Inmarsat Aviation will use the launchpad of day one of the APEX EXPO 2019 to reveal details of its latest addition to the Sky High Economics series, produced in collaboration with LSE. Part three, which looks at the opportunities to win passengers through better inflight connectivity, brings with it some interesting insight, including an immediate $33bn market share up for grabs.
Philip Balaam, President of Inmarsat Aviation commented in a press release,
“The widespread and growing appetite for connectivity, coupled with the vastly changing demographic of passengers, has shown that demand for connected, personalised and value-added services in the cabin is accelerating at pace.
“To stay relevant in a competitive industry landscape, airlines must adapt to the behaviours and expectations of today’s and tomorrow’s passengers now.
“High-bandwidth Wi-Fi with consistent coverage is essential to meet the demands of data-hungry passengers – but adopting the technology is just the start. The real opportunity exists in making inflight Wi-Fi an enabler for tailored passenger experiences, enhancing loyalty while accessing new revenue streams.”
Sky High Economics part three
With the doors to APEX EXPO 2019 yet to open, Inmarsat, together with the London School of Economics (LSE), has wasted no time in revealing its latest industry-leading publication to the world. In its third and final instalment of Sky High Economics, Inmarsat and LSE explore the opportunities available to connected airlines in terms of competitive advantage.
The three-part research study has already revealed the $130bn market value of inflight WiFi in Chapter One, Quantifying the Commercial Opportunities of Passenger Connectivity for the Global Airline Industry. Chapter Two, Evaluating the Economic Benefits of Connected Airline Operations, showed how connectivity could deliver $15bn of annual savings for airlines by 2035.
This third and final part of the study, produced in collaboration with the London School of Economics (LSE) examines the opportunity available to airlines to adapt to changing behaviours and expectations of consumers in the future. In addition to the previously explored opportunities for ancillary revenue and cost savings, Chapter Three, Capitalising on Changing Passenger Behaviour in a Connected World identifies a potential $33bn market share ripe for the taking in terms of luring passengers away from rival airlines.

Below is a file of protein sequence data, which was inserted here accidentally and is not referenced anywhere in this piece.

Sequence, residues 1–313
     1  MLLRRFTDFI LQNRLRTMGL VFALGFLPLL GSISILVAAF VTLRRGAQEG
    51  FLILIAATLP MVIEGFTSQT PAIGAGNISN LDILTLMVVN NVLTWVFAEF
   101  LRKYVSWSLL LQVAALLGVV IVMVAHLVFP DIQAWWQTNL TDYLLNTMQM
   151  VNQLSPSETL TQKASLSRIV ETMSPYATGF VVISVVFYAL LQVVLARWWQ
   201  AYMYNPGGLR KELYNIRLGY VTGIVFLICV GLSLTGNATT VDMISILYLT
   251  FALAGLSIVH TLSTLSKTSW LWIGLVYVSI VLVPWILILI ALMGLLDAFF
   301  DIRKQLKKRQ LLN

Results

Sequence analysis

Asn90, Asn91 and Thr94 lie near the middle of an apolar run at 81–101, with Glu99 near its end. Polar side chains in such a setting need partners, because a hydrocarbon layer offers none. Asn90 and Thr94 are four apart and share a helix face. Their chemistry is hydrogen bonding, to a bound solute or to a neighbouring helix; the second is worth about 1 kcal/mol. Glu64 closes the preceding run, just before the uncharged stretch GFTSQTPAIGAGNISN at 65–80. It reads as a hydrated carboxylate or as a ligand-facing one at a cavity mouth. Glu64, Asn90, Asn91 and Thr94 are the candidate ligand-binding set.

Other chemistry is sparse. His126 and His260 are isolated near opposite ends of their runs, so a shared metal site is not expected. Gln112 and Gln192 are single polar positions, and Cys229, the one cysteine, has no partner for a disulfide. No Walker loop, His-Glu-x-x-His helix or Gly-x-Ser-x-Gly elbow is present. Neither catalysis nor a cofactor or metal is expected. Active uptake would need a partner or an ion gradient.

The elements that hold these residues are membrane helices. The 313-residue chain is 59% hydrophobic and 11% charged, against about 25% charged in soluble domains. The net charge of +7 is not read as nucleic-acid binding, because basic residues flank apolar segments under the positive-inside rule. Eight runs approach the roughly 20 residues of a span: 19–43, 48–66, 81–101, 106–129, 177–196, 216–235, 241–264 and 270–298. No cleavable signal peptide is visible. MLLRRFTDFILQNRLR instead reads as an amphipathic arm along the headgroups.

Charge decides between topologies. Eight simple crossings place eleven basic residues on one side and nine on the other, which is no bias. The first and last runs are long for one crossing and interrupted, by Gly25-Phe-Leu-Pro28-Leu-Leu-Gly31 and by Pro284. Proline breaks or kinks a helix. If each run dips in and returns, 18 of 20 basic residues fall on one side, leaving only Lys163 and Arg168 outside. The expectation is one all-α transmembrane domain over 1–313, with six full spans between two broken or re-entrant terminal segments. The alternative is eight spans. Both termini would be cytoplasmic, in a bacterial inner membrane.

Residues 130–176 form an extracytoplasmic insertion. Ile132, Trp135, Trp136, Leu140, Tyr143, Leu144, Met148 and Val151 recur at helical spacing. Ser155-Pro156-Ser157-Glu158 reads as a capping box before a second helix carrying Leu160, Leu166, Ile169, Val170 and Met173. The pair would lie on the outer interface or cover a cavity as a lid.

$33bn immediately available
One of the key findings of the report was that as much as $33bn of revenue a year is available to airlines who invest in top-notch connectivity. This has been identified by looking at which fliers are actively engaged in airline loyalty schemes, and which are not. According to the report, 450m passengers worldwide are uncommitted to any particular airline and would be willing to switch allegiance in order to secure top quality WiFi.
To get to this figure, the study looked at the details of frequent flier schemes, which showed a market split between those who were actively engaged in the schemes, and those who were signed up but not particularly engaged. This split was 13% to 87% respectively. According to the press release, 12% of these passengers are willing to switch airlines if a rival was to offer reliable WiFi. This, they say, brings with it a revenue benefit of $33bn.
Inmarsat points out that this figure is expected to increase in future years. Generation Z (those born between 1997 and 2012) are set to become the largest group of passengers in the coming years. They, along with today’s largest passenger group – Millennials – are the least engaged in brand loyalty out of all the demographics currently flying.
As such, the LSE modelling predicts this sum to grow to $45bn in the next decade.
A driver for loyalty
In today’s increasingly competitive world of aviation, passenger loyalty is crucial for carriers. The Sky High Economics report identifies a number of drivers of airline loyalty, related to the connected world in which we live. Dr Alexander Grous (B. Ec, MBA, M.Com, MA, PhD.), Department of Media and Communications (LSE) and author of Sky High Economics, said,
“The next decade presents both a huge opportunity and challenge for the global aviation industry. The technology and infrastructure are ready to meet the expectations of always-on travellers and it is up to airlines to seize this opportunity now, or risk falling behind their peers – to the tune of $33 billion today, and $45 billion by the end of the next decade.”
The full report is available for download here.